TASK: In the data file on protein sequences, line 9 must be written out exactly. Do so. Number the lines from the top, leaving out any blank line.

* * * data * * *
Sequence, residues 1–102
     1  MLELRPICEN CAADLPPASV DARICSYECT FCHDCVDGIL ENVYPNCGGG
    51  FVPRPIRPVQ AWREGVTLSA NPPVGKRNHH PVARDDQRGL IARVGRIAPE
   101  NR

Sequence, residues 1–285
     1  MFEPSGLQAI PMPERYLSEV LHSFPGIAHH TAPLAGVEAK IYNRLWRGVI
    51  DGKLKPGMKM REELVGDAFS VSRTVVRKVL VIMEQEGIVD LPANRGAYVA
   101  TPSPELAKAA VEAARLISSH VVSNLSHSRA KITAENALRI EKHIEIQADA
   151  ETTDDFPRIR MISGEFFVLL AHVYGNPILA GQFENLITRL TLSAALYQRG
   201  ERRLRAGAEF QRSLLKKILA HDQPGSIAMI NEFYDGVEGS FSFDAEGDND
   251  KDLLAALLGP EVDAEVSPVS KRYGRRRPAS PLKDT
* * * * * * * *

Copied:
   151  ETTDDFPRIR MISGEFFVLL AHVYGNPILA GQFENLITRL TLSAALYQRG